Bankruptcy is a legal process that lets individuals or businesses start over financially when they can't afford to pay the debts. There are various types of bankruptcy, commonly referred to by their chapter within the U.S. Bankruptcy Code. Depending on which type you file, the bankruptcy court decides how creditors will be paid; it can also collect and sell your assets and belongings or create a repayment plan.
The major types of bankruptcy filings
All bankruptcy cases in the United States are handled through a federal court, and bankruptcy filings in the United States fall under one of several chapters of the Bankruptcy Code. Here are the major types of bankruptcy filings you should know:
- Chapter 7: Individuals and in some cases businesses, with few or no assets typically filing for Chapter 7 bankruptcy. It allows them to dispose of their unsecured debts, such as credit card balances and medical bills.
- Chapter 11: Businesses often file for Chapter 11 bankruptcy, the goal of which is to reorganize, remain in business, and once again become profitable. Filing Chapter 11 bankruptcy allows a company to create plans for profitability, cut costs, and find new ways to increase revenue.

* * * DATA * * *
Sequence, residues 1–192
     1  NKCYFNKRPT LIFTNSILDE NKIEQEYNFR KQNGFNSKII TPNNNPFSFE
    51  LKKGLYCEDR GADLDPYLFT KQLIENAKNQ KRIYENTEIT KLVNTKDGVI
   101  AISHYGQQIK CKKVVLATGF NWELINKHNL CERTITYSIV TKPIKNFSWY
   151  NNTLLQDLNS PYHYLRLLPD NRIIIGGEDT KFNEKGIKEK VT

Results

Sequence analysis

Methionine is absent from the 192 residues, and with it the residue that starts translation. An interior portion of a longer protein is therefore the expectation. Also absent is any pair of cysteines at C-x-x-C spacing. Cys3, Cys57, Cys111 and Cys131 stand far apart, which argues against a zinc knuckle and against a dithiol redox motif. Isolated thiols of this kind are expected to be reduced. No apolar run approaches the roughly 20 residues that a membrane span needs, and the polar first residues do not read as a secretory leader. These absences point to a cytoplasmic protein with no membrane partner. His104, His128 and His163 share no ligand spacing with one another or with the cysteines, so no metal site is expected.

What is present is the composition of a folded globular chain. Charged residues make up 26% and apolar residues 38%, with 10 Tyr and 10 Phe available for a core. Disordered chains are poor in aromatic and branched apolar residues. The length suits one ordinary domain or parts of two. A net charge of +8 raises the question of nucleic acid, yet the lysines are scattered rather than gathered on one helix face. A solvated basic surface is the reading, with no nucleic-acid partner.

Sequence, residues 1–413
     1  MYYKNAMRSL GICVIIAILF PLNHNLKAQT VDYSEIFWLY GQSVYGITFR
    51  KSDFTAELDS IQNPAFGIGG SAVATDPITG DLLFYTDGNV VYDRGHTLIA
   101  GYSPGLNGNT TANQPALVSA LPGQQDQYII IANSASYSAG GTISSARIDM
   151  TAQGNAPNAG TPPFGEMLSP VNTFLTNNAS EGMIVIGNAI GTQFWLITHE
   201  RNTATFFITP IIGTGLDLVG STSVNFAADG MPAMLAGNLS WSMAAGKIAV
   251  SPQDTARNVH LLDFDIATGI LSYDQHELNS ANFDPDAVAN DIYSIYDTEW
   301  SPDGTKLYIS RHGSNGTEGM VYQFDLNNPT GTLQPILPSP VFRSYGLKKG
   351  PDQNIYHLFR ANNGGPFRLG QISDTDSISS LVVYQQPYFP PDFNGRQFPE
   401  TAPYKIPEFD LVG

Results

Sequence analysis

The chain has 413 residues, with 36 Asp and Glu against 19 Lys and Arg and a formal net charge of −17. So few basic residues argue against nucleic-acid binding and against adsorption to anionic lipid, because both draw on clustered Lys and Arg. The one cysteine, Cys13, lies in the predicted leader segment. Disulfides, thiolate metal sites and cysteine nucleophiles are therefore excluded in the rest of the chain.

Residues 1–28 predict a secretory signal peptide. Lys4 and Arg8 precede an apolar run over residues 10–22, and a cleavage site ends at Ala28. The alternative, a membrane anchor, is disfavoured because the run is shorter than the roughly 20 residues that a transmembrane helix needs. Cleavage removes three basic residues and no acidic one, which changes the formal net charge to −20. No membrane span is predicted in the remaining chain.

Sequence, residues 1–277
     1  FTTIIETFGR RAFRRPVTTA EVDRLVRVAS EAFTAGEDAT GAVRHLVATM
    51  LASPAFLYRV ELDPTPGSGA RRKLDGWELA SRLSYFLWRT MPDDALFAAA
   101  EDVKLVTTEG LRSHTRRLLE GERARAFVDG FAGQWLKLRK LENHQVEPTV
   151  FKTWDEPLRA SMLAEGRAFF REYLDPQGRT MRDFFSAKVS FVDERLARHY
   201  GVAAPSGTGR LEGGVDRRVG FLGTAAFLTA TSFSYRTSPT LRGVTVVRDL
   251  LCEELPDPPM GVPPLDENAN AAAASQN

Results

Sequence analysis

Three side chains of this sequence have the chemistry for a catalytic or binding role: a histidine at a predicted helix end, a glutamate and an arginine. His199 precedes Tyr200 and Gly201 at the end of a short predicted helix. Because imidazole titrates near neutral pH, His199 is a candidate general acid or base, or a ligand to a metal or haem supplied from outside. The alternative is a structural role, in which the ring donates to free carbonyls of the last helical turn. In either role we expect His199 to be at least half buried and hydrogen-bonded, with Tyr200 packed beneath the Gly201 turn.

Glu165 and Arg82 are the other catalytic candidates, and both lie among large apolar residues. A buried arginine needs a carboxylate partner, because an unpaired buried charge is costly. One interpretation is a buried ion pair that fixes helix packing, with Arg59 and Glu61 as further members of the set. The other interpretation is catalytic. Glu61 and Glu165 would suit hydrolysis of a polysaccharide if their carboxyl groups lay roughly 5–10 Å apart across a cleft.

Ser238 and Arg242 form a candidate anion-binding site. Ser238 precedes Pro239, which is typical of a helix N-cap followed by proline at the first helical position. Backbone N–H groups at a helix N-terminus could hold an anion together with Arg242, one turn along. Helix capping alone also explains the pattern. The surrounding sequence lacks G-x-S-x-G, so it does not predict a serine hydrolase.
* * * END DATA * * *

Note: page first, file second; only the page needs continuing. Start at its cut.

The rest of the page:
- Chapter 13: An individual debtor filing under Chapter 13 doesn’t have to liquidate assets. It permits a debtor with a regular income to repay at least a portion of the debt over three to five years. Debtors who have enough income to pay all or part of their debts must use Chapter 13 instead of Chapter 7.
What happens when public Companies go bankrupt in the US?
In most instances, companies that file under Chapter 11 of the Bankruptcy Code are generally unable to meet the listing standards to continue to trade on Nasdaq or the New York Stock Exchange. However, even when a company is delisted from one of these major stock exchanges, its shares may continue to trade on either the OTCBB or the Pink Sheets. However, investors should be cautious when buying common stock of companies in Chapter 11 bankruptcy. It is extremely risky and is likely to lead to financial loss.
Some companies are so far in debt or have other problems so serious that they can't continue their business operations. They are likely to "liquidate" and file under Chapter 7. Their assets are sold for cash by a court-appointed trustee. Bondholders, and other unsecured creditors, will be notified of Chapter 7 and should file a claim in case there's money left for them to receive a payment. However, stockholders do not have to be notified of the Chapter 7 case because they generally don't receive anything in return for their investment. Meanwhile, the stock of a Chapter 7 company is usually worthless and investors have lost the money they invested. But in the unlikely event that creditors are paid in full, stockholders will be notified and given an opportunity to file claims. (Source from: www.sec.gov)